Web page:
While integrating fares between rideshare, bikeshare, public transit and other micromobility services is the ultimate dream of MaaS proponents, fare integration between the nine different transit agencies across the GTHA is an important step to making transit more affordable.
Many people live in one area of the GTHA but work in another and one out of every four trips in the GTHA crosses a regional boundary. Without fare integration, someone traveling from Hamilton to Toronto could pay three separate fares: one fare for local Hamilton transit to the GO station, one fare for the GO train, and one fare for the TTC, which ends up costing around $15-17 one way. With fare integration, this could be much cheaper.
Until recently, customers travelling by GO Transit and TTC received a $1.50 discount when switching between transit providers, and there is evidence to show that it was a successful program. Between 2017 and 2018, transfers between GO and TTC increased by 27%. Unfortunately, the program ended on March 31, 2020 when the provincial government opted to not extend it. However, there is still a discount available when transferring from GO to other transit agencies in the GTHA.
Over the years, there has been plenty of discussion on what fare integration could look like, with Metrolinx tasked with developing a solution that works for each transit agency. Options include fare by zone, fare by distance, or some combination of a flat local fare as well as fare by zone.
Fare integration in the GTHA is a complicated issue that requires political will and there is still more work to be done, but the adoption of PRESTO is a good start towards a more seamless system.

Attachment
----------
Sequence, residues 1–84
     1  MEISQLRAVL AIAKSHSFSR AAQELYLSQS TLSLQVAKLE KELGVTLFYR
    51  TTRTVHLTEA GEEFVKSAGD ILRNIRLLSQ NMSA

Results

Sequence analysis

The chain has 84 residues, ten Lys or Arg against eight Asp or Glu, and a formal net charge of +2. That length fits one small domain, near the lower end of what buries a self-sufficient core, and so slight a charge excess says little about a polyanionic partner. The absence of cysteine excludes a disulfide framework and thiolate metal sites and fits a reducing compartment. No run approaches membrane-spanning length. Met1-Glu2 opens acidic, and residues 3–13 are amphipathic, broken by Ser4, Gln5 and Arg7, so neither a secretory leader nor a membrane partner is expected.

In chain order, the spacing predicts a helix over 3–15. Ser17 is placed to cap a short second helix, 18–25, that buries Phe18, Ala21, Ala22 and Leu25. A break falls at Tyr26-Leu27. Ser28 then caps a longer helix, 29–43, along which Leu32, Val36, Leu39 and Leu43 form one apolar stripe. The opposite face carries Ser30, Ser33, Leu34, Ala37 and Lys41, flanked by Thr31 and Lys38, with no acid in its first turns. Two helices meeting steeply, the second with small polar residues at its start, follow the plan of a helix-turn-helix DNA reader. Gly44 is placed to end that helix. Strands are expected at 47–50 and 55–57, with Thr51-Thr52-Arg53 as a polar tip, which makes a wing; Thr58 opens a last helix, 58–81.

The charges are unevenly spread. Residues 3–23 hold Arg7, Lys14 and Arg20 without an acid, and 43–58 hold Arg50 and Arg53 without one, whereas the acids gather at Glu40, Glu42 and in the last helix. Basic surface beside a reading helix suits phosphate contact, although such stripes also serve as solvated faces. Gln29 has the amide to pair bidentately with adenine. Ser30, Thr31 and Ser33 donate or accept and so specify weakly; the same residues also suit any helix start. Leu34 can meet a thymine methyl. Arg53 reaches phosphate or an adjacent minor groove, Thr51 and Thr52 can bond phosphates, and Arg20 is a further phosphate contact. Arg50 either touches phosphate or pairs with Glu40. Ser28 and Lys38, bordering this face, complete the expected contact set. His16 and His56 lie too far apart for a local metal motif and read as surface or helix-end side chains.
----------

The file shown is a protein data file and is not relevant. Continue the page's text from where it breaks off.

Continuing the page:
Subsidized transit passes
A more straightforward way to make transit more affordable is through subsidized transit passes, either through employers or for low-income residents. The City of Toronto has a Fair Pass Discount Program for eligible residents, and earlier this year, York Region Transit introduced a Transit Assistance Program. Of course, it would be helpful if there was a universal low-income transit pass available that could apply to all transit agencies across the GTHA, rather than separate applications for TTC and YRT, but we would first need to see integrated fares across the region for this to be possible.
For people who own a vehicle, paying for transit on top of car ownership costs can seem expensive, especially if they have free parking. A discounted transit pass can lower the cost burden of choosing transit and encourage less driving.
Employers can play a part in addressing financial accessibility by offering subsidized transit passes or a taxable benefit for sustainable commutes, which pointA can advise on through the Smart Commute program. Both significantly reduce the need for parking spots at the workplace and support and encourage more sustainable commutes and healthier lifestyles, all of which ultimately benefit employers.
Prior to the launch of PRESTO, TTC had a Volume Incentive Pass, or VIP Monthly Pass program, where participating employers could offer employees adult monthly TTC passes at a discount. However, there is no monthly pass discount program for TTC with PRESTO as of yet.
York Region has a discount program, called YRT@Work. The discount ranges from 10 to 15% off, and employers must have at least ten employees per month to qualify. Employees purchase the discounted pass through their employer, which is then loaded onto their PRESTO card.
Reducing the financial barriers associated with sustainable transportation requires collaboration between transit agencies, government, and businesses. To encourage more people to take sustainable transportation, the experience must be as seamless as possible, making multimodal, inter-regional transportation quicker and cheaper than driving alone. Improvements to transportation across the GTHA are still ongoing, and we look forward to seeing what the future will bring.